• 10. Up close and personal: JOHN– The apostle of loveName: John, (Yoḥ anan in Hebrew, which is acommon name and means “Yahweh isgracious”) Also popularly known as “John the .Beloved.” Traditionally known as John theEvangelist or John the Apostle.Former Occupation: Fisherman,businessman (fishing partner with theirfather Zebedee who seems to be a little welloff as they employed hired servants in theirbusiness. (Mark 1:20)Residence: CapernaumKnown family Relationships: Father:Zebedee, Probably the younger brother (Ashe was always mentioned next to James thegreater”
  • 11. Because of his eventual gentleness as he writes in his epistles andhow he is described in the Gospel, we are sometimes inclined to think of Johnas being naturally retiring and mild mannered, perhaps even somewhateffeminate. But in his early years he was fully as much a “Son of Thunder” as .James. He joined his brother in wanting to call down fire on the unbelievingSamaritans and in seeking a position next to the Lord in the kingdom. LikeJames, he was naturally intolerant, ambitious, zealous, and explosive, thoughperhaps not as much as James. John was the first to recognize the Lord on the shore of Galilee andwas the first disciple to see the risen Christ. Although frequently mentioned inthe Gospel alongside the Peter and James, John is mentioned alone in theGospel in only one single instance and that is in Mark 9:38 where he told Jesusthat he saw someone casting out demons in Jesus name and that he stoppedthe person because he was not one of the disciples. To which Jesus instructedhim not to stop the person because if he is not against them, he is for them. Inhere we can John appeared prejudiced and sectarian.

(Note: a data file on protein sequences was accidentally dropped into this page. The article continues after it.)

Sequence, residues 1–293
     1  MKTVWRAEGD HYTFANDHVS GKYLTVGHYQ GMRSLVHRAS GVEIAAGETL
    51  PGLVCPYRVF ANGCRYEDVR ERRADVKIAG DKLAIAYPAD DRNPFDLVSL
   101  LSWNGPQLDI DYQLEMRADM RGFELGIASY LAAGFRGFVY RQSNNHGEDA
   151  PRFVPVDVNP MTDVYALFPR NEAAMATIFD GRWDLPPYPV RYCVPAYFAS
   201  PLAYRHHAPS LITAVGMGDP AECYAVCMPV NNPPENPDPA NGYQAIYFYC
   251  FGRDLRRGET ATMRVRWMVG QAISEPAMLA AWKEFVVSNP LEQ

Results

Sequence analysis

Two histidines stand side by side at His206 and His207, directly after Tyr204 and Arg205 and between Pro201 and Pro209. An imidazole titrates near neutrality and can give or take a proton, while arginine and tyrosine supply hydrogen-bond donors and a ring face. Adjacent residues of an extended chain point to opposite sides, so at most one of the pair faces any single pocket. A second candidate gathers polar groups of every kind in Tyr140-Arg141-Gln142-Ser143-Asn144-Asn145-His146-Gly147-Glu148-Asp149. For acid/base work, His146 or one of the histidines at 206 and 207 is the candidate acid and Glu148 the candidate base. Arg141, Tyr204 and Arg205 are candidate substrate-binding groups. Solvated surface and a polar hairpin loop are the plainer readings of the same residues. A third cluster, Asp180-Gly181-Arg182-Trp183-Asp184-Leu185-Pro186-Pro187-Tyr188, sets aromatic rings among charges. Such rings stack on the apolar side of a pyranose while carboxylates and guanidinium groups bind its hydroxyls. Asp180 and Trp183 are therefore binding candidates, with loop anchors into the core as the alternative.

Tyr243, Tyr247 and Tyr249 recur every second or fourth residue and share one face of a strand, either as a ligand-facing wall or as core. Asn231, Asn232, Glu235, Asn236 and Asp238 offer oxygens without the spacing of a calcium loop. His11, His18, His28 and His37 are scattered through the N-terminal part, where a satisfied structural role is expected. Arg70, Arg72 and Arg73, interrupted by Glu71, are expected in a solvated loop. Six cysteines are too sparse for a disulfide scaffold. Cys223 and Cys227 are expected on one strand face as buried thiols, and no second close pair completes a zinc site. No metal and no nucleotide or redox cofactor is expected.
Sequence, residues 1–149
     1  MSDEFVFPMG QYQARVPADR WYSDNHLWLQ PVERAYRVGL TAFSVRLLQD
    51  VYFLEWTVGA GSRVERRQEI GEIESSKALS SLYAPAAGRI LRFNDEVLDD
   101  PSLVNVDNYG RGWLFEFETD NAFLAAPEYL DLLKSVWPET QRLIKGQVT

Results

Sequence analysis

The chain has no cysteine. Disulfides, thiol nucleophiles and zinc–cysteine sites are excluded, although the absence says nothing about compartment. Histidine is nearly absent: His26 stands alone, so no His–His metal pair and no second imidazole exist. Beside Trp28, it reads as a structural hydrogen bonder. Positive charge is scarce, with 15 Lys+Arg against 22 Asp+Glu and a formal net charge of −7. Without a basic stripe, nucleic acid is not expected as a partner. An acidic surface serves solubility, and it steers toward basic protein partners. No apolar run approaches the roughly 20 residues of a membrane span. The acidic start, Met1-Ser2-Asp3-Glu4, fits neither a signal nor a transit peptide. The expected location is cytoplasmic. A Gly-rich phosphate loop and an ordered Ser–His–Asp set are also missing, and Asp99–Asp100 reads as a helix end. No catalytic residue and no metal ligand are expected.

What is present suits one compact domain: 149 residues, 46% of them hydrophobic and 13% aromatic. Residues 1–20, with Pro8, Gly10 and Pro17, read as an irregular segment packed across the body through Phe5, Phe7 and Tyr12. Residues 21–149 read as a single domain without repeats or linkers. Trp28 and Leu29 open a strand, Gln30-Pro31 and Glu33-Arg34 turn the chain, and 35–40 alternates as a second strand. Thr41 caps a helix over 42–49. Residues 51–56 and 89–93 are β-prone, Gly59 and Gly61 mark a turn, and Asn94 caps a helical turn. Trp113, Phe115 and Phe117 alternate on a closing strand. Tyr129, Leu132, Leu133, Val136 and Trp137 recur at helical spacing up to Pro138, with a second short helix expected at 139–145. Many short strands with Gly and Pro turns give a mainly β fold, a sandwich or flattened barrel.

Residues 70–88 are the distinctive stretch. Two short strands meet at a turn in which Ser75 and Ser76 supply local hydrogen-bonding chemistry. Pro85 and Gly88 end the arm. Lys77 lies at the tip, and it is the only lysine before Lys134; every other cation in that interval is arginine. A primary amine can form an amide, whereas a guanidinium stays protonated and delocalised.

• 12. Throughout his life, John remained uncompromising in doctrine and instandards of morality, but the Holy Spirit developed in him an unparalleled capacityfor love, so much so that he is often called the apostle of love. In his five NewTestament books John uses forms of the word love eighty times and witness or itssynonyms some seventy times. Love without certain standards or strongconvictions is a spiritual disaster. Truth guarded his love, and love surrounded histruth. Tradition tells us that John did not leave the city of Jerusalem until Mary the mother of Jesus died, because the Lord had entrusted her into his care (John 19:26). The Lord said to Peter, “Tend My sheep” (John 21:17); but to John He said, in effect, “Take care of My mother.” John had a special love that Jesus knew would lead this disciple to treat Mary as his own mother. AT THE END OF JOHN’S LIFE Scripture reports that John was banished to the small and barren Isle of Patmos (Greece) in the Aegean Sea, off the west coast of Asia Minor where he wrote the Book of Revelations. Traditionally he is said to have died naturally sometime in A.D 98 - 100 and is said to be the only apostle who lived to an extreme old age.
  • 13. CONCLUSION These were three men with ordinarytemperaments, ordinary strengths and weaknesses,and ordinary struggles. Yet in the power of Christ they .were transformed into men that turned the world upsidedown. It was not what they were in themselves but whatthey were sovereignly and willingly made to becomethat rendered them such powerful instruments in theMaster’s hands. The fishermen of Galilee became fishers ofmen on a vast scale, and in God’s power they gatheredthousands of souls into the church and played a vitalpart in the salvation of millions more. Through thetestimony of their lives and writings, those fishermenare still casting their nets into the sea of mankind andbringing multitudes into the kingdom if God.